Michael H. Jordan isn't usually the kind of CEO who avoids hard truths. After joining Westinghouse Electric Corp. in 1993, he wasted no time remaking the ailing conglomerate. Since replacing Richard H. "Dick" Brown at Electronic Data Systems (EDS ) Corp. in mid-March, Jordan pledged to act just as swiftly to steady EDS' ship. He knows he has to squelch fears that EDS is financially crippled. "It ain't true, but our competitors are making hay with it, and we have to deal with that in a straightforward manner," Jordan said during his first presentation to analysts on June 18.
But when it comes to EDS' finances, Jordan could be more forthcoming. At the June event with analysts, he presented forecasts that appear to be overly optimistic and aren't as easy to understand as some investors want. "I don't know if we've seen any true increase in transparency," says analyst Philip W. Ruedi of Baltimore-based T. Rowe Price Group (TROW ) Inc., which owned 3.4 million EDS shares at the end of the first quarter.
Consider EDS' forecast for the second quarter. On June 18, Jordan said free cash flow for the period would total $75 million to $125 million. But that figure left out one-time charges, including the costs of restructuring the company and laying off 2,700 workers. At the same time, the forecast left in a $98 million one-time gain from a court settlement with MCI and a spike in off-balance-sheet equipment leases. EDS says analysts want projections that way and that's how the company has done it in the past. But some think the numbers are unclear. "Cash out the door is cash out the door," says analyst Carol Levenson of newsletter publisher Gimme Credit Publications Inc. The peril of such accounting became clear two weeks later. On June 30, EDS reported that it wasn't going to receive the MCI payment in time to count for the second quarter after all.
Jordan's profit-margin projections aren't much easier to decipher. He says the company's "core operating margin" could reach 17% by 2005, a big jump considering EDS reported operating profits of 8.7% of revenue last year. But EDS says the new figure doesn't include underperforming software and consulting units or corporate overhead. "In this environment, you don't fool around with items of that ilk," says Paul R. Brown, past chairman of the accounting department at New York University's Stern School of Business. Jordan was not available for comment, but a spokesman says EDS is trying to give analysts more insight into its core business' profitability.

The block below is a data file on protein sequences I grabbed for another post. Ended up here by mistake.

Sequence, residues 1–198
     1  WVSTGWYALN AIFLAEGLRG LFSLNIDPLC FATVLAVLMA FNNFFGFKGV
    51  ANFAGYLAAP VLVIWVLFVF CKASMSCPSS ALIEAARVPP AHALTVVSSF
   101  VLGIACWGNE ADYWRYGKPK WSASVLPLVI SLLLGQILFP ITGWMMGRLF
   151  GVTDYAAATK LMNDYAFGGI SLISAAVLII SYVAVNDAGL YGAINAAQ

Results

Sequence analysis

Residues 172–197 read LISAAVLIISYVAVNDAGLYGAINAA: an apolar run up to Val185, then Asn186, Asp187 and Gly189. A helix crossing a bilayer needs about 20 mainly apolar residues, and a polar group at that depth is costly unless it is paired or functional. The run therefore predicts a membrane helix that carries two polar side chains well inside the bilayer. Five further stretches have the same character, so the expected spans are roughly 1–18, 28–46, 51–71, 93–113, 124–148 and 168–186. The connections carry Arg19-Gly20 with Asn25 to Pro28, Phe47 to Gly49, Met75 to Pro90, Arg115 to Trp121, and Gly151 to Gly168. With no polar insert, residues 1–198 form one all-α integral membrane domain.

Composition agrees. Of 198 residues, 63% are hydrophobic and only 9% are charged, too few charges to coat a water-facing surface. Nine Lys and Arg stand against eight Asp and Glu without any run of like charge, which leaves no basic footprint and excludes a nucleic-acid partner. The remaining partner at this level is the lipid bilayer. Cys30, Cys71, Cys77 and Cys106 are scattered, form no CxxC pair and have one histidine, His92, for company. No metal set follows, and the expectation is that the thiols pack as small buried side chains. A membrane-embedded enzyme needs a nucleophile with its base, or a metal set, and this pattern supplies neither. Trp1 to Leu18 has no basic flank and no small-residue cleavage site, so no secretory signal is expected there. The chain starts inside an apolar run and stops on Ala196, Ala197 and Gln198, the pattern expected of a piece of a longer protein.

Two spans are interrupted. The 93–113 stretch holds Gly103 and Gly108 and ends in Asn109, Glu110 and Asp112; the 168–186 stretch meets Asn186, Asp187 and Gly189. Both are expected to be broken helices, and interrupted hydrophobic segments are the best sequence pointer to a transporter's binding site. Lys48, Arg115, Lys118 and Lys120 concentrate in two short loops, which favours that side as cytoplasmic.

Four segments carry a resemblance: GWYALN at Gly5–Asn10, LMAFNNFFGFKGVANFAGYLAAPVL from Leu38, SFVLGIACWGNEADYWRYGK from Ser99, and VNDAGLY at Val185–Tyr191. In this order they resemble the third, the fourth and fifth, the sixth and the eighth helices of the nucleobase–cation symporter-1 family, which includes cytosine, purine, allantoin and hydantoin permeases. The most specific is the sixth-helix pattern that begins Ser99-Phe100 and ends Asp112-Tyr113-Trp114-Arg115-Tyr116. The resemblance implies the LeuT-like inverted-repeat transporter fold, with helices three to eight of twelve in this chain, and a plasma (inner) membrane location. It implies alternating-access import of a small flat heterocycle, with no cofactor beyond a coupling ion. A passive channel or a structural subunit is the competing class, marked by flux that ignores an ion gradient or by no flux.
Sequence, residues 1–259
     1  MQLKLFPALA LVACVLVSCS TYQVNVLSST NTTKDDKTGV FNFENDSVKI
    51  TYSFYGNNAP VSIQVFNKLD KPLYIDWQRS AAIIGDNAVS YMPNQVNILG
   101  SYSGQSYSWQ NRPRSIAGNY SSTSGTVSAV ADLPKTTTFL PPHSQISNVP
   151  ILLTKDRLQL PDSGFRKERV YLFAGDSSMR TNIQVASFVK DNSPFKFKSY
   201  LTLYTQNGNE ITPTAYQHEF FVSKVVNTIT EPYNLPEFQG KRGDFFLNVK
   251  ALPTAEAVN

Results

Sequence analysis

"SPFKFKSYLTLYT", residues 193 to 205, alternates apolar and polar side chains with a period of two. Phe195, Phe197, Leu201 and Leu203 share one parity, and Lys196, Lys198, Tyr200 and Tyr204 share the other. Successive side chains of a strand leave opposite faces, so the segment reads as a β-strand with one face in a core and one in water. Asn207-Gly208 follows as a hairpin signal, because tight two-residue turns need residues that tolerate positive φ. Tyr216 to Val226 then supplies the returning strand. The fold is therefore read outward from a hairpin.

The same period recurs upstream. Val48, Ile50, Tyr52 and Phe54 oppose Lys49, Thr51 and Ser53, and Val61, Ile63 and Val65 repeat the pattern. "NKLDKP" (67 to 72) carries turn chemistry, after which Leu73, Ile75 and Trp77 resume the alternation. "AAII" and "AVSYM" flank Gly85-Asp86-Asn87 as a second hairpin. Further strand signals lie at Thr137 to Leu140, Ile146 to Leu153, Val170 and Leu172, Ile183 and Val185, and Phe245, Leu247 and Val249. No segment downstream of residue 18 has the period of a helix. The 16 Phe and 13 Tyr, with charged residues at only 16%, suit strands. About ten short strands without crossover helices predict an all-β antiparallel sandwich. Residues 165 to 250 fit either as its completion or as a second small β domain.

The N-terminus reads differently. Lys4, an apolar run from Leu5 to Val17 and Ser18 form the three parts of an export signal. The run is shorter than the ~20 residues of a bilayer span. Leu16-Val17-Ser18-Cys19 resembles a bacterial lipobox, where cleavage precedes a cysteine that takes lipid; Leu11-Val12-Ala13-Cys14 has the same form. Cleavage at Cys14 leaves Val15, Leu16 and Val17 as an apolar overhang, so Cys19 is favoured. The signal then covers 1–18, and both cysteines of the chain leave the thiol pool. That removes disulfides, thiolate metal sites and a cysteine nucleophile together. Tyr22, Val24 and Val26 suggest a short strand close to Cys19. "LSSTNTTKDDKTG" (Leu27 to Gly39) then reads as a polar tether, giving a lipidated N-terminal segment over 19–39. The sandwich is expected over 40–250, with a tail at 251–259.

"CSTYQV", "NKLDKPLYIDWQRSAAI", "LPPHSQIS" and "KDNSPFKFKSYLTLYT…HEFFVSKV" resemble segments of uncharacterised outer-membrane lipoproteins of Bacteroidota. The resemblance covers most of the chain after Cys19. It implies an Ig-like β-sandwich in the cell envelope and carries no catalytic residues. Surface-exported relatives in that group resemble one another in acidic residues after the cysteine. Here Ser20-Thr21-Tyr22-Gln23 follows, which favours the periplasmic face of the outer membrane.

Jordan also insists he can produce double-digit operating margins even after subtracting overhead. Never mind that that would be better than IBM's industry-leading 9%-to-10% margin. Says Manoj Tandon of Pzena Investment Management LLC, an EDS investor: "I find it difficult to understand how you get [there]." Both Tandon and Ruedi say margins of 6% to 7% are more likely.
Granted, Jordan is just a few months into what he describes as a "multiyear task." He should be commended for pledging to eliminate percentage-of-completion accounting, a method for handling long-term contracts that allowed EDS to book revenues before it sent customers their bills. But he needs to do more. After facing questions about their disclosure, General Electric (GE ) Co. and Computer Associates (CA ) International Inc. improved transparency and were rewarded with higher stock prices, says NYU's Brown. Jordan should follow suit.
By Andrew Park